Thursday, April 10, 2014

Claiming Your Unclaimed Property

When I was a kid, I'd pick up the stray pennies, nickels, dimes, and quarters on the sidewalk. Others overlooked these coins, considering them to be petty. But to me, they were worth something. I'd put them in my pocket and say "Every little bit helps! Now I'm 5¢ closer to retirement."

I'm still picking up these coins, and I'm still acknowledging that they are helping to inch me closer to retirement. Nowadays, I chuckle as I ponder how fortunate I am to have started my retirement in my mid-30s.

Admittedly, scanning the sidewalk for dropped coins isn't going to get me too far. On the other hand, scanning the Departments of Revenue websites to see if I have any unclaimed property may get me a bit farther.

"Unclaimed property" refers to property that is being held for a person (or entity) who cannot be located. This property may be a refund of a utility deposit, insurance proceeds, or safe deposit box contents, for example. The utility company, insurance company, or bank that is holding onto the property is required to turn the property over to the state, typically after three years. The state's Department of Revenue then serves as the custodian of the property.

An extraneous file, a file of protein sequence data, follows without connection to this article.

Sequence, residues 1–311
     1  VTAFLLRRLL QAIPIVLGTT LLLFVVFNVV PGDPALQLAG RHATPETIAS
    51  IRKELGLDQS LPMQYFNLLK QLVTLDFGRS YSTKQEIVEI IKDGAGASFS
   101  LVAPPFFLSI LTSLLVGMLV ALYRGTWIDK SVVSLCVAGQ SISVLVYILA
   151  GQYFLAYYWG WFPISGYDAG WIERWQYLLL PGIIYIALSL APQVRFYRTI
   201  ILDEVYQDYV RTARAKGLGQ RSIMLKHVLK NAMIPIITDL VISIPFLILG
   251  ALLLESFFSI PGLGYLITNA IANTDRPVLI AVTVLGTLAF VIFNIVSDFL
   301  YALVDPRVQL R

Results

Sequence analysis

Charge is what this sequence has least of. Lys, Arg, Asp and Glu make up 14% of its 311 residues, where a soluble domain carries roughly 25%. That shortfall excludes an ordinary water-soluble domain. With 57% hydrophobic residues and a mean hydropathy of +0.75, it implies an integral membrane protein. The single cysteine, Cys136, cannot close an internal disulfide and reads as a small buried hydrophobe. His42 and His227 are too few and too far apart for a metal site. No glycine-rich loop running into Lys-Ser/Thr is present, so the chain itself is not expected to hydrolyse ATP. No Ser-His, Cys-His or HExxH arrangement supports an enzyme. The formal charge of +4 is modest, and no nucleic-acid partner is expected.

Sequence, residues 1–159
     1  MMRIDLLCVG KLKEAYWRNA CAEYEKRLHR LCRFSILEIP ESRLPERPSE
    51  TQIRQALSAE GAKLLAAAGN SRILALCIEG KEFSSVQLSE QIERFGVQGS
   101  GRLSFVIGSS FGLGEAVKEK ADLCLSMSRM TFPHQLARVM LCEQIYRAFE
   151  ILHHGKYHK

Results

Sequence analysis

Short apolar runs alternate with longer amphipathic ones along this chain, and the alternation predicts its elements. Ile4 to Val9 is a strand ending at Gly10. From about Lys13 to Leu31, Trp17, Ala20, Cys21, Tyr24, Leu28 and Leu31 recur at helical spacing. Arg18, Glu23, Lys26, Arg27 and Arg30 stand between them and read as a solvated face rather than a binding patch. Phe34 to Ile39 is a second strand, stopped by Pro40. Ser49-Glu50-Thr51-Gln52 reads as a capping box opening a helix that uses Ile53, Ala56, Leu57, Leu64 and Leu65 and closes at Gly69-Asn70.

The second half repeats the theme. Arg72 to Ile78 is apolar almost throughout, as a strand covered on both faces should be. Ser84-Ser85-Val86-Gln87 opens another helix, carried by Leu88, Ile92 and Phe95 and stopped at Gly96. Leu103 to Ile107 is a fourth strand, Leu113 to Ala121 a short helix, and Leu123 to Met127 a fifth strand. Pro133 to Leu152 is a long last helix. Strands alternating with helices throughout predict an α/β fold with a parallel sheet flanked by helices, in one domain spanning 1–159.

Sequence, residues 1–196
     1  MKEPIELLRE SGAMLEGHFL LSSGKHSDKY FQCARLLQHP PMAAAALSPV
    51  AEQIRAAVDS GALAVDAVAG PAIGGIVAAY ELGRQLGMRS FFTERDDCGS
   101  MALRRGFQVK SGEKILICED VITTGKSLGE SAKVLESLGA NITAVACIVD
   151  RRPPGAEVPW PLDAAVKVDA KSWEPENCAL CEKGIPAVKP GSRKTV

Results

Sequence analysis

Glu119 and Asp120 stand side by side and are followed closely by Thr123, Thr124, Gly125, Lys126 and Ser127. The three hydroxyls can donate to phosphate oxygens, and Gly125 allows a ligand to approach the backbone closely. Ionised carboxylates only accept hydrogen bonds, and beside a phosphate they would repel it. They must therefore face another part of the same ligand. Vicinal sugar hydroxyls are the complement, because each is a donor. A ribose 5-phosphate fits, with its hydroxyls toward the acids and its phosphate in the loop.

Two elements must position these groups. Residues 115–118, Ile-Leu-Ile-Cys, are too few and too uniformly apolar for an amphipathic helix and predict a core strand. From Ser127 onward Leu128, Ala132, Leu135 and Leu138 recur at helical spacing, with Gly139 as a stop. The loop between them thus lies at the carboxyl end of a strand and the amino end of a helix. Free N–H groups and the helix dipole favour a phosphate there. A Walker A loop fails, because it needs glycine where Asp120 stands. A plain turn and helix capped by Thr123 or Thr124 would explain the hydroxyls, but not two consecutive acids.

Each state's Department of Revenue administers a program whereby it assists in matching the unclaimed property to its rightful owner. Most Departments of Revenue offer a website where one can search by an individual or business name to locate unclaimed property. If an owner is found, the owner files a claim, the state confirms the owner's identity, and then the state returns the property to its rightful owner.

Washington state's unclaimed property website.

I'll occasionally visit the Department of Revenue websites for every state where I've lived and do a quick search to see if I have any unclaimed property.

Today's search revealed that I have unclaimed property from an Illinois utility company. The utility company had attempted to mail me a refund check a few years ago, but the check never made it into my hands. I filled out the brief claim form on the Department of Revenue's website. And voila! My unclaimed property is now claimed. It's nearly as easy as finding petty coins on the sidewalk!

Every little bit helps! Now I'm many-nickels-worth closer to retirement.

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